The prophecy foretells that there will be a movie, and it will be the greatest, most interesting, most important movie of all time…the Lego Movie is not that movie, but if there is anything to learn from Phil Lord and Christopher Miller’s masterpiece of animated cinema, it’s that anything can be the special, you just need to believe – and I know that sounds like a cat poster, but just roll with it.
If you can cast your memories back to the beginning of the year, I wasn’t shy in sharing my complete love for The Lego Movie. So reviewing the film on Blu-ray, have my opinions changed? No, in fact I’m tempted to give it an even better score after seeing it four times already. The Lego Movie is a surprising modern classic and watching it again truly reveals the extent of the visual design – you could watch this movie a dozen times and still not have seen everything held within this brick-laden treasure trove. Everything in this movie is Lego, Lego, and more Lego – from the explosions to the titles, this is without a doubt one of the most visually creative films to hit the mainstream in a really long time.
But more than just snappy exciting visuals and crazy cameos, The Lego Movie feels like something important among the string of crowd-pleasing animated features. The Lego Movie could have easily been a cheeky animated distraction, but it’s more than that, it’s subversive and political, which gives The Lego Movie meaning. Some have criticised the creators for pushing something of a Libertarian agenda with the film’s plot but I have to disagree – the film teaches us about balance: Too many rules can be oppressive, but a world without any rules would be chaos; celebrate individuality, but not at the expense of progress and structure; and most importantly, the value of creativity.
The Lego Movie is a reflection of those very ideals, and together with an incredible voice cast, genius storytelling, and gorgeous visuals, this movie transcends the age barrier for a universally lovable experience that will not be forgotten for a very long time. My only true critique is that the final act isn’t quite as strong as the first two, resorting to the same sort of plot devices that you’d see in The Matrix, and while it doesn’t hurt the film, it’s more of a question of plot convenience that I typically cannot abide.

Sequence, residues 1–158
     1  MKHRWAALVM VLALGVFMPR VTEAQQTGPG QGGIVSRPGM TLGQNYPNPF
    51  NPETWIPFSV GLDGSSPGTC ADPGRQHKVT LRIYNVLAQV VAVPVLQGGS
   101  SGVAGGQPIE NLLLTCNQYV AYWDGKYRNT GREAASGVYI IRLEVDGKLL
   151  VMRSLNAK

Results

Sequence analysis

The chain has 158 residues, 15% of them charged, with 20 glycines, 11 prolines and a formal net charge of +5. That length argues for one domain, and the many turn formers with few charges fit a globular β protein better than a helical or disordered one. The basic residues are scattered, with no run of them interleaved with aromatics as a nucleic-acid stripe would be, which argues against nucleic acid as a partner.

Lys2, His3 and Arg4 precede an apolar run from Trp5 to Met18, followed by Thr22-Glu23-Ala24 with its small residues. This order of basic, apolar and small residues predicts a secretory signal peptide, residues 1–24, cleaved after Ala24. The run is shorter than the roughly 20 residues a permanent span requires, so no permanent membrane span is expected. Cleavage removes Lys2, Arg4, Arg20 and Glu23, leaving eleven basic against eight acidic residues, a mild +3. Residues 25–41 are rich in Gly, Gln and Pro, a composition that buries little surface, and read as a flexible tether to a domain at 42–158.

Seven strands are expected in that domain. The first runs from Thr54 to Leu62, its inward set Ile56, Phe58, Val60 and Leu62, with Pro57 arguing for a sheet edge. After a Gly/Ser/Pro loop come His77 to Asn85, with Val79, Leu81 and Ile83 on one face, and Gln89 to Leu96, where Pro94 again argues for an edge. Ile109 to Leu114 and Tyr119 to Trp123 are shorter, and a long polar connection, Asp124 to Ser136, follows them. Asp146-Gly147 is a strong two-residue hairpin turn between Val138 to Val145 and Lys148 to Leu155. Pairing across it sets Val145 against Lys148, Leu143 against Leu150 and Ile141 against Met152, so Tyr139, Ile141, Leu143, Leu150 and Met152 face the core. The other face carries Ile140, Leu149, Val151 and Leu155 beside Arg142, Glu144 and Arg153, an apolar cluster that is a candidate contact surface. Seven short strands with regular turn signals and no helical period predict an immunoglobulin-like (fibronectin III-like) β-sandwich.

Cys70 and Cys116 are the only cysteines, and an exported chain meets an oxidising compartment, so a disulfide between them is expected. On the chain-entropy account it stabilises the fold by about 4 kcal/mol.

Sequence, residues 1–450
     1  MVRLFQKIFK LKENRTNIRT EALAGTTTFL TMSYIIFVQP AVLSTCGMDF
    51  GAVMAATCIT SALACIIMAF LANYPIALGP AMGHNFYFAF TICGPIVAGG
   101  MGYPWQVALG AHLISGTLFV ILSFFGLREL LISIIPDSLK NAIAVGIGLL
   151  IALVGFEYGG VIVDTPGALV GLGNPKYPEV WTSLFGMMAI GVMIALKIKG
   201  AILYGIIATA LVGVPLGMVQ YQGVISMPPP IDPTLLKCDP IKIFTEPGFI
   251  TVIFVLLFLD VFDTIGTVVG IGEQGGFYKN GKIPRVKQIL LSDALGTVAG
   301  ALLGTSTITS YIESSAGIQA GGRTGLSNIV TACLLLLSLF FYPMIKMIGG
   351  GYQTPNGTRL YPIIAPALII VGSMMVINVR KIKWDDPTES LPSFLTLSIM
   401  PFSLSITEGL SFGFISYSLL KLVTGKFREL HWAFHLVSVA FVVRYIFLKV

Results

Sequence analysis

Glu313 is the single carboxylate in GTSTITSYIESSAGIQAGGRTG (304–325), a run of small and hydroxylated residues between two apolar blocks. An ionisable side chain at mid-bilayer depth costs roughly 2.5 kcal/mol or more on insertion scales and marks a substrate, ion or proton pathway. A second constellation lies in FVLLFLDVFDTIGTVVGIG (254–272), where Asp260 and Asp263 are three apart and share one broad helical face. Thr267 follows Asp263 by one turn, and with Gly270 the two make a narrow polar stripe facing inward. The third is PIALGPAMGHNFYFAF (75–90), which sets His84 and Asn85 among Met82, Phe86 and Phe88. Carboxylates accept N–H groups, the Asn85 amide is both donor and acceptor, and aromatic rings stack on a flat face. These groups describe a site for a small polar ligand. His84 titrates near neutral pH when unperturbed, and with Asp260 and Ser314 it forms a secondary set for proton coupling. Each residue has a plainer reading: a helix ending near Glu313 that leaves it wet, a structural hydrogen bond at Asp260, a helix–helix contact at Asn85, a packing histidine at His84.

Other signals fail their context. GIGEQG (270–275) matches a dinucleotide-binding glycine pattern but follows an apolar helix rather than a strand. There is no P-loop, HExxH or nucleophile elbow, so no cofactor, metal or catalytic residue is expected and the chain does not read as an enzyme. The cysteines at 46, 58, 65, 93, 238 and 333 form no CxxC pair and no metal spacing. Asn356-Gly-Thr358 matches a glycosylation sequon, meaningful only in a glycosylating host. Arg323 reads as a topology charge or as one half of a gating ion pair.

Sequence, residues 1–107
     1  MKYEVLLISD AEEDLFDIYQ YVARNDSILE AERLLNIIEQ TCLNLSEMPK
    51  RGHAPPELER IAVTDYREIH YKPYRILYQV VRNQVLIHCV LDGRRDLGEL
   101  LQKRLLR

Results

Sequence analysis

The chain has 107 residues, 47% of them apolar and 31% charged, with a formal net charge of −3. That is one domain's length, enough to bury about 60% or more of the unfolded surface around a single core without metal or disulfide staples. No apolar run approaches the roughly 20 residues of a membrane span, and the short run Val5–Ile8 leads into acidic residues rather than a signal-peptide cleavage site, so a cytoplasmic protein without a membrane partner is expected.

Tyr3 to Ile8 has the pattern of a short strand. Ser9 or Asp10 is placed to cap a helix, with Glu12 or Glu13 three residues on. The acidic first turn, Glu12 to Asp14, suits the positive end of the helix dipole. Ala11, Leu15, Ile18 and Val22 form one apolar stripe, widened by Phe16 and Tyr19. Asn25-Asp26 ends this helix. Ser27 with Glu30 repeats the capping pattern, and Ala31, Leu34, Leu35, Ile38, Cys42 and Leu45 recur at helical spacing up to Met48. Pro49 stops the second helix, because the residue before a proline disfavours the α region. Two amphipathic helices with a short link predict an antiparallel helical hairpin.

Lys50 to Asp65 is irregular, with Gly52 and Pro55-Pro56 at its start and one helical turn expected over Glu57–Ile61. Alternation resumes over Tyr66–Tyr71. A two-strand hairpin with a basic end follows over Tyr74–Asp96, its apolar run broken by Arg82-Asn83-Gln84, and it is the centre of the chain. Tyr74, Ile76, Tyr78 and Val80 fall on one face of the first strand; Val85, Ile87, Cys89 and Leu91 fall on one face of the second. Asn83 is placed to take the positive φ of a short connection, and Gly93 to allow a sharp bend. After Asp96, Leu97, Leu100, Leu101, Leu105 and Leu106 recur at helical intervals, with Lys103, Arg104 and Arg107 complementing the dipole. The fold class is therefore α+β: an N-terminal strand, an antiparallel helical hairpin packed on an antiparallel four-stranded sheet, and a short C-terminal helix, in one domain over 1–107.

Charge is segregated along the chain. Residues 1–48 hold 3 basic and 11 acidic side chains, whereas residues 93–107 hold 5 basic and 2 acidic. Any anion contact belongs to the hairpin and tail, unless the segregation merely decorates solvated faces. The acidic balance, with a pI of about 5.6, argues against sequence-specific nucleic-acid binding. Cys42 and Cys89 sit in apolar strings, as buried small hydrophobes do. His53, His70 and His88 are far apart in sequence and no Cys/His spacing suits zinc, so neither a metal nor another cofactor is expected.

The Lego Movie is a stunning film to behold – every single brick oozes high-def slickness and will feel like cocaine for your eyeballs. Aside from a few instances of colour banding, it’s a solid release but will never cease to amaze.
The sound design is surprisingly restraint, maintaining a nice balance throughout the sound range. Directional and bass sounds are kept to a minimum although I feel that it should have been explored with greater creativity. It’s a satisfactory mix for the average listener but it’s hardly a test for your 7.1 speaker set-up.
This Blu-ray release of The Lego Movie has a stunning variety of special features on disc. There is nothing run-of-the-mill in this release, everything from the deleted scenes to the making of featurettes are just a little different to what you’d expect. In addition to the regular stuff, there are plenty of hilarious Lego short films, a ‘How to build’ series, and some music videos which I recommend you all watch. Also the commentary is also a blast to listen to – it’s more non-stop jokes and laughter than your typical commentary.
Overall, the Blu-ray is a worthy investment for the bonus features; its more a case of quality over quantity, and sometimes that’s just better.
Everything is awesome with the Blu-ray release of The Lego Movie – it’s a great film, has a sweet HD transfer, and a host of cool feature. So if you like the movie (and I’m sure you did), go out and buy the film, you won’t regret it, and when you do ask yourself this question:
Do you follow the instructions, or do you build with your imagination, because there truly are two kinds of people in the world, so which one are you?